The country is extremely sensitive to outside criticism and were furious when Liu was awarded the Peace Prize.  Trade with Norway was curtailed which probably did not concern them too much since they are a wealthy country.  The Beijing government summoned the Norwegian ambassador in protest.  It called Mr Liu a “criminal”, saying the award violated Nobel principles and could damage relations with Norway.  The Norwegian Nobel committee said Mr Liu was “the foremost symbol” of the struggle for human rights in China.  It took six years before relations were normalised between the two countries according to the New York Times.

In some respects China is a powder keg.  As long as prosperity increases then many people are happy to go about their lives and not bother too much about issues of freedom and human rights.  They will not have access to sites or information which discuss or promote such issues (such as Amnesty International) and so the ruling communists need not worry too much about a restive population.  Step by step they are securing hegemony over Hong Kong.  Some ‘below the line’ comments in the press stories suggest that the Confucian tradition also plays a part and that, unlike Western nations, this tradition of loyalty to the state is more a feature of political life.

Another factor is that it is said by some observers that the Chinese rather resent being subjected to Western moral codes, in which they had no part in formulating, being applied to them.  This does have some force except that they were a member of the Security Council when the Universal Declaration was signed in 1948.  It does overlook the fact that the Declaration caused the Western nations some discomfort as well: the British and French with their treatment of the colonial peoples and the USA with its treatment of black people.

If China wishes to become a leading world nation then it is going to have to accept the norms the rest of the world tries to live by.  The treatment of Liu Xiaobo (and many, many others) has been disgraceful.

And what of our Foreign and Colonial Office?  It says:

Minister for Asia and the Pacific Mark Field said:

I am pleased that the 24th Round of the UK-China Human Rights Dialogue has taken place. Senior officials discussed the full range of our human rights concerns, including freedom of expression, freedom of religion or belief, access to justice and ethnic minorities’ rights. They also discussed areas where the UK and China could collaborate more closely, including modern slavery and women’s rights.

The UK strongly believes that respect for human rights is vital for growth and stability, and that these regular talks are an important part of our relationship with China. The dialogue has, once again, been held in a constructive and open manner. I am grateful for the valuable contribution made by civil society organisations before and during this exchange. [accessed 29 June]

Post Brexit the emphasis is going to be on trade and the UK government is unlikely to raise difficult issues with the Chines government or risk being treated like Norway.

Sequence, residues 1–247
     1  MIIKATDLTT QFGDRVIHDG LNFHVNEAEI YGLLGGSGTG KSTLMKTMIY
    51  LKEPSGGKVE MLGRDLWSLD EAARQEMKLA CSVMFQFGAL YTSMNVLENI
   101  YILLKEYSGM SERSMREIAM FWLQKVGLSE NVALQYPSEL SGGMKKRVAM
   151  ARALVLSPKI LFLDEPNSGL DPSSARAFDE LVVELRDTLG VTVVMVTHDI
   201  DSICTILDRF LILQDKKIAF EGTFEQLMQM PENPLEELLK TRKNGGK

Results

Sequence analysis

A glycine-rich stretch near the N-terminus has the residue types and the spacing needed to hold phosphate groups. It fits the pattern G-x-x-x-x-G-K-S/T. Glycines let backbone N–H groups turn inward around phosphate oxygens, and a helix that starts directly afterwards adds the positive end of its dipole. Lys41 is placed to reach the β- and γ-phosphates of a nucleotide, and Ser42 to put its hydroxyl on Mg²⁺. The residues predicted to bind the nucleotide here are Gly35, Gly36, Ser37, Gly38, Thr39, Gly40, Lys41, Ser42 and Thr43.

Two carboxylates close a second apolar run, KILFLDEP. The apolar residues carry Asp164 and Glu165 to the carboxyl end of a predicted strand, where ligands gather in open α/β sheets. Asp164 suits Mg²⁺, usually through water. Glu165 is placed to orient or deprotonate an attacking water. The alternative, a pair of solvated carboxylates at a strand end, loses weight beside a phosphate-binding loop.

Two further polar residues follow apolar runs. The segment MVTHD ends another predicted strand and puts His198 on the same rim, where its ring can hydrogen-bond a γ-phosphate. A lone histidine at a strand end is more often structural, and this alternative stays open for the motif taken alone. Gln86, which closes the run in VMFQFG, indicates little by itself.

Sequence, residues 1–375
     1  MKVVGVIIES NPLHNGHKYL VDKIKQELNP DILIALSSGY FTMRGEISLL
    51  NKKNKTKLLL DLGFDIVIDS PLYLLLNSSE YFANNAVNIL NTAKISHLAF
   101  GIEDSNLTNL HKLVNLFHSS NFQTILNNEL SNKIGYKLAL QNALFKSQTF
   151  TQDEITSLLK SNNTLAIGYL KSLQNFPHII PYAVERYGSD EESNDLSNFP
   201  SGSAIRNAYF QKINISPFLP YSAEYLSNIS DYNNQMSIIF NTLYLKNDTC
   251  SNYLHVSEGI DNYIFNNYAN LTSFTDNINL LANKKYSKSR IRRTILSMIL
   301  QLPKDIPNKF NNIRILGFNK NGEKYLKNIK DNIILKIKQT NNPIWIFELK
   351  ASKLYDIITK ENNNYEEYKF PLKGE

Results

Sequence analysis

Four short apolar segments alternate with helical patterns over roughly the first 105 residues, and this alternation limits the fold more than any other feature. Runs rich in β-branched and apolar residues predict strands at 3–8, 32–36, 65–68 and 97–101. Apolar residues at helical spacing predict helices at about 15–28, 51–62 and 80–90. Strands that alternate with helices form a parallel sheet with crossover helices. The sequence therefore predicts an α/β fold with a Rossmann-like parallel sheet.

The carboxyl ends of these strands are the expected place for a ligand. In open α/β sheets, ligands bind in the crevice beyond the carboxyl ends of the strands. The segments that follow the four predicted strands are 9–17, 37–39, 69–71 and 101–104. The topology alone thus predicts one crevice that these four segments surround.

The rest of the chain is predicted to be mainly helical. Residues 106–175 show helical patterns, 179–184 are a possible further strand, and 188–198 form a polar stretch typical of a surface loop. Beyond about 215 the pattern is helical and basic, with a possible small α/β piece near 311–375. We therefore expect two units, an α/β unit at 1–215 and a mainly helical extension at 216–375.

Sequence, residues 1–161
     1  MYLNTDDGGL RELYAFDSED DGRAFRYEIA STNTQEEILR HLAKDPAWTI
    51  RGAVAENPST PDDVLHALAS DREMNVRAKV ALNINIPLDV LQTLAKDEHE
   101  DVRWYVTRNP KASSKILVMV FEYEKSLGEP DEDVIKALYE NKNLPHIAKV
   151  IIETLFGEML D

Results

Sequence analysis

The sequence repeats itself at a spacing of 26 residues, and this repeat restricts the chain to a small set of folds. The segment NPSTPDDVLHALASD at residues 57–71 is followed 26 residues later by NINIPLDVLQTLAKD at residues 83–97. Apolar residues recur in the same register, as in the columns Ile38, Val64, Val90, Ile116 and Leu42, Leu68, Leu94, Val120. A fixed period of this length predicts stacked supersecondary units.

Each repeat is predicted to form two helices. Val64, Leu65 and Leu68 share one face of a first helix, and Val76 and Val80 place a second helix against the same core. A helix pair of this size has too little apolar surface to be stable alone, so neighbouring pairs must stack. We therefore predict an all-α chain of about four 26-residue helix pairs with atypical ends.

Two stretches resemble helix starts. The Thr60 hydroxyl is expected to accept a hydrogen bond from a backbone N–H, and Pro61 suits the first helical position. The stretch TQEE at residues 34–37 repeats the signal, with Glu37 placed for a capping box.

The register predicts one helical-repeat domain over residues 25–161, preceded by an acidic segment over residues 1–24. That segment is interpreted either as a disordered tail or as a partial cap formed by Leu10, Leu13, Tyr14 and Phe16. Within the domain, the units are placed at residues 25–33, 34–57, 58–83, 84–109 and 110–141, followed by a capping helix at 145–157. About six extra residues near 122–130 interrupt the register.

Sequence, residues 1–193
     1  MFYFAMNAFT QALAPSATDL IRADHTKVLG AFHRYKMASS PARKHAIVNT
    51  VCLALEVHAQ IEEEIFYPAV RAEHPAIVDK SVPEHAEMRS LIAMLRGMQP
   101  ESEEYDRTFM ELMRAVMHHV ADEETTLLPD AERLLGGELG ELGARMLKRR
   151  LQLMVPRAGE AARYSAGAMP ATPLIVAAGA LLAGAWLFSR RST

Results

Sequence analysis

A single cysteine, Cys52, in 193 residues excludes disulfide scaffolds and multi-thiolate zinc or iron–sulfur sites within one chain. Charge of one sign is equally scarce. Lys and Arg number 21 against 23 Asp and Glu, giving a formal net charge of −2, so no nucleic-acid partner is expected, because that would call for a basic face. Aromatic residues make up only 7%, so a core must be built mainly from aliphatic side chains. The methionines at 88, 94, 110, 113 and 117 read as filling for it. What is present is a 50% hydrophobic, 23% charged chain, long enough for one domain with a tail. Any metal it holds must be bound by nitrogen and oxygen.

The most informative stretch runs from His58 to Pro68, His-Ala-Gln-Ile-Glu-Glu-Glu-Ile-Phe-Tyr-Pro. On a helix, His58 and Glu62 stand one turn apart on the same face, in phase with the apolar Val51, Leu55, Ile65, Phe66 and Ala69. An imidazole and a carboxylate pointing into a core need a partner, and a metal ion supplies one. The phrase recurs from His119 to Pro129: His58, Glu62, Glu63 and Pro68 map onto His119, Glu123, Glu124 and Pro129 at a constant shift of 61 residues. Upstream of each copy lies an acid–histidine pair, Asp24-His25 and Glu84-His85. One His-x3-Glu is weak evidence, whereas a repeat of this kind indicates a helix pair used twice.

Sources: Amnesty International, New York Times, BBC, Guardian.

Follow us on Twitter and Facebook, salisburyai.  If you live in the Salisbury area and are interested in promoting human rights please get in touch.  The best thing is to come along to one of our events and make yourself known.

Harassment and trials of over 230 human rights lawyers and activists are underway in China.  This is part of a crackdown started by the Chinese government in July of 2015.  The trials are extremely dubious with suspects turning up and uttering robotic statements in court reminiscent of the Soviet trials decades ago.  People are arrested, denied access to lawyers and detained in unknown locations.  This by a country which is on the Security Council of the UN.

The charges include nebulous statements such as ‘harmed national security and social stability’.  The courts are sealed off and foreign journalists are not allowed entry being blocked by large numbers of police.

The US embassy in Beijing has said:

[the] US remains concerned by the Chinese governments continuing efforts to harass, intimidate and prosecute defense lawyers and human rights activists for their work.

The prevailing narrative concerning China is that of a country growing stronger.  True the relentless predictions of when it would overtake the USA have disappeared of late but nevertheless, stories about its military buildup and foreign investments still fill the pages.  But this activity of cracking down on dissenters, the strange abductions of Hong Kong booksellers, a strictly controlled press and the Chinese internet wall do not speak of strength but of a leadership which is fearful.  The one party system has delivered so far but with more and more Chinese travelling the world and finding ways to circumvent the internet wall, there must come a time when sufficient people realise the fictions told to them are just that.

Last year the Chinese premier was given a shameless welcome in the UK as part of the government’s policy of cosying up to China in the hope of receiving their investment.  It is interesting that Theresa May has paused the Hinkley Point power station investment – with substantial Chinese money – and one of the concerns is security.  With Stuxnet in mind (where software was introduced into Iranian centrifuges to get them to burn out) the worry must be that the Chinese government will introduce a deliberate flaw in the design to activate if need be.